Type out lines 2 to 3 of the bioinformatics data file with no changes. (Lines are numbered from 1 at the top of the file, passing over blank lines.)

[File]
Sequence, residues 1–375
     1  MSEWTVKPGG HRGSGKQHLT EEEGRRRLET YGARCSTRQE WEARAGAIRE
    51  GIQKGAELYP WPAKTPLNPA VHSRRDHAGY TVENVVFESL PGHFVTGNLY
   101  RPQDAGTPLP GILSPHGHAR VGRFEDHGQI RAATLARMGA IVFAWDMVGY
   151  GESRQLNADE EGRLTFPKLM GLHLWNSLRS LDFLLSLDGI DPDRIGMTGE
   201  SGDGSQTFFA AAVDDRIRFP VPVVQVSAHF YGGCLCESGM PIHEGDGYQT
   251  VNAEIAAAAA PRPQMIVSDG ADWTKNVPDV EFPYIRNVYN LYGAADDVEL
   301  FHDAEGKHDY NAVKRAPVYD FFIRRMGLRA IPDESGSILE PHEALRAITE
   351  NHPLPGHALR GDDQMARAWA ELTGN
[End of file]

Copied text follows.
     1  MSEWTVKPGG HRGSGKQHLT EEEGRRRLET YGARCSTRQE WEARAGAIRE
    51  GIQKGAELYP WPAKTPLNPA VHSRRDHAGY TVENVVFESL PGHFVTGNLY